In damp climates prone to heavy rain and storms, a highly waterproof self-adhering underlayment would be preferred. Underlayments resistant to high winds are also recommended for hurricane-prone areas.
Type of Roof Covering
The roof covering material also impacts the underlayment decision. For asphalt shingles, asphalt-saturated felt and rubberized asphalt work well. The temperature resistance of synthetics makes them better for metal roofs. Always ensure the underlayment product is approved and warranted for use with your specific roof type.
Product cost and installation cost are considerations for any home improvement project. Asphalt underlayments provide reliable performance at the lowest cost in most cases. Rubberized asphalt and premium synthetics carry a higher upfront investment but can pay off long-term through increased durability and lifespan.
Before selecting an underlayment, decide your top priorities. If longevity and durability are most important, premium synthetics may be the way to go. For optimal leak protection, self-adhering rubberized asphalt is hard to beat. Noise reduction is another factor, as soft underlayments dampen sound better.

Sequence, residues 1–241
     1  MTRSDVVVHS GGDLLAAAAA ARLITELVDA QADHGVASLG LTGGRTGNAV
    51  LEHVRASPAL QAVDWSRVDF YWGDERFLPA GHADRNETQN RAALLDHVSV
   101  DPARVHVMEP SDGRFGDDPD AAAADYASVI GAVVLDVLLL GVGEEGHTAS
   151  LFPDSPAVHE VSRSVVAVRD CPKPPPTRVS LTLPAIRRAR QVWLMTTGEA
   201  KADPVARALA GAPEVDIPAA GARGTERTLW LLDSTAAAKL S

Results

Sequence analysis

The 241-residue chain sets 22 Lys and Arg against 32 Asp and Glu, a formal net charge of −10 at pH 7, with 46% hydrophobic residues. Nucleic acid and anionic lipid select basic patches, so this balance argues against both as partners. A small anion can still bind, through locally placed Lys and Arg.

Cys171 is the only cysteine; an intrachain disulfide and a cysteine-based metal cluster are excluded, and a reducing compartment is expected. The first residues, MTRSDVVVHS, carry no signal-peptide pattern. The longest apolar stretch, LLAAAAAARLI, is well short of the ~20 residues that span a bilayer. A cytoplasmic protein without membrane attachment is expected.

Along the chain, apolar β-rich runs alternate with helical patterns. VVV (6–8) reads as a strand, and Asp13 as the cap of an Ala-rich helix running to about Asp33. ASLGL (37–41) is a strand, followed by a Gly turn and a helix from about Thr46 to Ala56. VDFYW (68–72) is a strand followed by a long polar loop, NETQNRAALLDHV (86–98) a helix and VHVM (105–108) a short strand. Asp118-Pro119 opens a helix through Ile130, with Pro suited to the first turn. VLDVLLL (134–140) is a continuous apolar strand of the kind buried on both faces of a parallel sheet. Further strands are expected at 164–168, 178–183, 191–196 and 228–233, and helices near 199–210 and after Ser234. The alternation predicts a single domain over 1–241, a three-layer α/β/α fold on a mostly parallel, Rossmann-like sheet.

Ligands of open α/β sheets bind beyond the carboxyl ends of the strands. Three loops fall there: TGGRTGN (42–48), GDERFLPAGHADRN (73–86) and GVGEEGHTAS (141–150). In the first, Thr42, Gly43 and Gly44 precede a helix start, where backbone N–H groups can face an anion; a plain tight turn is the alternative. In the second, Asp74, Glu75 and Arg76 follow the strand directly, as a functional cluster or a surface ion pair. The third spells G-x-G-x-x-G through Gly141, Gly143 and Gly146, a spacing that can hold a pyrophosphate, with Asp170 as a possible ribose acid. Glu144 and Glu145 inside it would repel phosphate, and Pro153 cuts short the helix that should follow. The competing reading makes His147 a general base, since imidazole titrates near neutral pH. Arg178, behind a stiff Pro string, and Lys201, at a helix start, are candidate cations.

Proper Underlayment Installation
To achieve the full benefits of underlayment, it’s essential to install it correctly according to manufacturer specifications:
- Stagger seams and overlaps to shed water
- Seal seams and edges thoroughly
- Use compatible fasteners and adhesives
- Ensure complete coverage on the roof deck
Proper underlayment installation ensures your roof system performs as intended. It’s a good idea to have a professional roofer handle underlayment installation if you are not experienced doing it yourself.
FAQs About Roof Underlayment
What are the IRC codes for underlayment?
The International Residential Code (IRC) provides guidelines on required underlayment materials, minimum overlaps, and proper fastening based on roof type and pitch.
How long does underlayment last?
The lifespan of underlayment varies based on material. Asphalt felt lasts 10-15 years typically while synthetics can last over 50 years. Proper installation also impacts durability.
Can you install new shingles over old underlayment?
In some cases it is possible to install new asphalt shingles over an existing underlayment, but it is not recommended. Tearing off old underlayment allows for inspection and replacement of any damaged roof deck.
Underlayment is attached using roofing nails, plastic cap nails, or adhesive depending on the material and roof slope. Following the manufacturer’s instructions is important.
Installing the optimal underlayment for your roof is an important step in protecting your home from water damage and leaks over time. With a variety of materials available, be sure to weigh the benefits and costs of each type to make the right choice based on your climate, budget, and priorities.
Paying attention to proper installation guidelines ensures your roof underlayment can effectively serve as a waterproof barrier beneath your shingles or other roof covering. A high-quality underlayment appropriate for your specific situation will go a long way in safeguarding your home.